Suspect denies killing $250,000 bail set for Annapolis man

August 04, 1992|By Kris Antonelli | Kris Antonelli,Staff writer

An Annapolis man denied yesterday that he stabbed and bludgeoned a 56-year-old Arnold woman to death last January and sexually assaulted her with a soda bottle.

"I am not guilty," Albert Gustav Givens, 37, insisted during a bail review hearing in District Court.

Mr. Givens, of the 100 block of Roselawn Road, is charged with first-degree murder and sexual assault in the Jan. 2 slaying of Marlene "Pat" Kilpatrick in her home in the 100 block of Church Road.

Judge Donald Lowman set bail at $250,000 over the objections of Thomas Pryal, an assistant state's attorney who asked that Mr. Givens be held without bond in the county Detention Center.

Ellen Hockenberry, Mr. Givens' mother, said she was shocked at the allegations and would try to raise her son's bail money.

"I have a lot of friends," she said. "I don't think he is a danger to the community."

Mrs. Hockenberry, 59, said detectives picked up her son Friday evening and searched his home as well as hers, in the 1100 block of Boucher Ave., in Eastport.

Mr. Givens, who worked for Mrs. Kilpatrick as a painter and handyman and had been friends with her son for about 15 years. He has prior convictions of breaking and entering, carrying a deadly weapon and traffic charges, court records show.

He became one of several suspects early in the investigation when he gave conflicting stories about his whereabouts at the time of the murder, charging documents said.

Suspicions heightened when DNA evidence linked Mr. Givens to the crime scene.

Police said DNA from tissue samples taken from a soft drink bottle found on Mrs. Kilpatrick's kitchen table matched samples Mr. Givens provided voluntarily.

The soft drink bottle was not the same one used in the attack.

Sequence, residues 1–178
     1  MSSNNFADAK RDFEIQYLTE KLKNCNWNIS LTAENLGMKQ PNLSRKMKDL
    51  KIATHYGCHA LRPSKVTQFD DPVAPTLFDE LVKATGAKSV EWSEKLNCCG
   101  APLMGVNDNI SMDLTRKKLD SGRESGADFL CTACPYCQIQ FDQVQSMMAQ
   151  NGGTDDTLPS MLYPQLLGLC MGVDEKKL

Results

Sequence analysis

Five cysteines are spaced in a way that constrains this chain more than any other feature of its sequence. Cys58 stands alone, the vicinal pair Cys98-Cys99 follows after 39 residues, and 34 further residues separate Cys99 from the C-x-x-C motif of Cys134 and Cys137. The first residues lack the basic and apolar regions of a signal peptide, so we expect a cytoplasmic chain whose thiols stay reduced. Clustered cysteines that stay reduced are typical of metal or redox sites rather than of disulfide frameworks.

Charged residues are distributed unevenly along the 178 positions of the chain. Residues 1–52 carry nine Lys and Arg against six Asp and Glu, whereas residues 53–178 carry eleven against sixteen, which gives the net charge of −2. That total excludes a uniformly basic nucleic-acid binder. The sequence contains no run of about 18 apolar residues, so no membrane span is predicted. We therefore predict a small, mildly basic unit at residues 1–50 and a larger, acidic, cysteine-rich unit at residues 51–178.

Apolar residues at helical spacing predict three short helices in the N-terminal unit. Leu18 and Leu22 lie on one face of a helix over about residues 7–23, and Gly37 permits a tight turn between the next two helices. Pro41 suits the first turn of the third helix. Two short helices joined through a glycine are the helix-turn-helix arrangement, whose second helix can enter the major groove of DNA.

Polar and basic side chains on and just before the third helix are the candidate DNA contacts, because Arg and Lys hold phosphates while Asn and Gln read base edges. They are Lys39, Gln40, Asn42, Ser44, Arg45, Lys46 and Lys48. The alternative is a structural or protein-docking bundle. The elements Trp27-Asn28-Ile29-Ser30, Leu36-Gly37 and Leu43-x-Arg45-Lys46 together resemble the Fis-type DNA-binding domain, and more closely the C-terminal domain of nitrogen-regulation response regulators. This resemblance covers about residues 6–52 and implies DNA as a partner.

But Mr. Givens apparently sealed his fate when he told police Friday night that Mrs. Kilpatrick's attacker had used a soft drink bottle to sexually assault her. Investigators had not released that information, figuring only the killer would know about it.

According to the charging documents, investigators believe that Mrs. Kilpatrick had rejected Mr. Givens' sexual advances. The killer did not force his way into her home, rather he was let in by Mrs. Kilpatrick, detectives said.

Lisa Kilpatrick O'Connell found her mother's body at noon Jan. 3. She had become alarmed when her mother failed to answer the phone for 36 hours and gone to check on her.

Mrs. O'Connell found the door of her mother's home ajar and a large amount of blood on the floor of the living room. She found Mrs. Kilpatrick's body on her bedroom floor. The last time Mrs. Kilpatrick was known to be alive was at 11:30 p.m. Jan. 2.

According to the charging documents, investigators found a trail of blood that extended from the bedroom, through the living room and into the kitchen near a chair where it appeared that Mrs. Kilpatrick was sitting before being attacked.

On the table was the soda bottle that police traced to Mr. Givens and a cup of coffee and burnt out cigarettes that Mrs. Kilpatrick had smoked.

The killer apparently dragged Mrs. Kilpatrick to the corner of the kitchen, where he bludgeoned her in the head, and then pulled her through the living room and into the bedroom, where he stabbed her several times and assaulted her with the soda bottle.

After the slaying, the killer stole Mrs. Kilpatrick's Mercury Cougar.

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